Judge Ellen Huvelle ... said simply: "The true victims are members of the public who lost their trust in government."
Forget the Tina Fey SNL mockery and all the marginalia being written about Sarah Palin now. She did four real things in Alaska that make her fit for anyone interested in a reform presidency.
She took on: her party's state chairman, her party's state attorney general, GOP Gov. Frank Murkowski's tainted gas pipeline project, and then she supported a GOP candidate who ran against Alaska's "untouchable" GOP congressional earmarker, Don Young.
One way or another, each episode involved severing the sleazy ties that bind public officials to grasping commercial interests, something even the Democratic left purports to favor.
It isn't just Washington and Juneau. You could open the nozzle on the same reform fire hose to wash the public-private slime out of the capital hallways of New York, New Jersey, California, Illinois and onward.
You say Sarah Palin doesn't have enough "experience" to run Washington? Washington is barely fit to be run.
The problem isn't standard political corruption. The problem is that the $2.8 trillion federal budget is a vast ocean of Beltway pilot fish feeding off scraps from the whale -- lawyers, lobbyists, ex-Members of Congress. No one runs the Sea of Washington. It's too big, too deep.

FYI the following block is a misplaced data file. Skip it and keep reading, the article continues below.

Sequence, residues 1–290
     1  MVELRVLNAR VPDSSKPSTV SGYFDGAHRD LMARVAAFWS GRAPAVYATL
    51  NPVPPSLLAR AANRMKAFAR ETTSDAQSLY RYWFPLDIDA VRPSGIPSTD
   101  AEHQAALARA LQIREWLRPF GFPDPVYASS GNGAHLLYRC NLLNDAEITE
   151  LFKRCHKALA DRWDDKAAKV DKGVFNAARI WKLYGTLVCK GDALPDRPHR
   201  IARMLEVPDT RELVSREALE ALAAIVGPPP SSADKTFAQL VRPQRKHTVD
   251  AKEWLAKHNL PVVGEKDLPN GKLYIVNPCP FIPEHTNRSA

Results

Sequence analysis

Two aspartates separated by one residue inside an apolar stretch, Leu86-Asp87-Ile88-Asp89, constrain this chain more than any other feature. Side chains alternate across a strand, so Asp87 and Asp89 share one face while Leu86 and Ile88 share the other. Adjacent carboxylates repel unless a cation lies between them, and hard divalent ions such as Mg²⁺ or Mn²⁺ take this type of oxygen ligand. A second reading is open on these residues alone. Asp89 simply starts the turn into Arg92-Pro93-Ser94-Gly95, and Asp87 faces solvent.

Barack Obama wants to dig a deeper hole. John McCain should ask the American people if they want this to go on, because it's nonsense to vote for government to do "more" and then whine when it doesn't work or degrades into sweetheart-deal hell.
Unfocused "reform" rhetoric from Mr. McCain isn't enough. The public has been there, heard that. Sen. McCain should talk about what he knows -- fat Fannie and Freddie, farm-bill bloat, the ethanol subsidy fiasco, the federal procurement mess. Show people Gov. Palin's 18 single-spaced pages of 2007 vetoes. Then identify Congress's bipartisan supporters of the Legislative Line-Item Veto Act and ask the voters' support. Appear with GOP congressman from Sarah's new generation who want to help -- Eric Cantor of Virginia, Paul Ryan of Wisconsin, Kevin McCarthy of California. There are others.
Promise to spend the first two years on this historic political reform effort, and if a Democratic Congress laughs, promise to barnstorm in 2010 for a Congress willing to act, from any party.
One hears talk of John McCain's temper. My guess is voters want someone to lose it with Washington, big time. Oh, and he should ask what's the difference between a reformist pit bull and a six-term senator. It isn't lipstick.
20 September 2008
The Stench of Business as Usual
One of the best things about Journal Editorial Report is that I have become more acquainted with Dan Henninger, deputy editor of the WSJ Editorial Page. In this article, amidst the mixed metaphors, he lays out the real strength of the Republican ticket and the current situation, and tells what to do for the next 6 weeks until election day.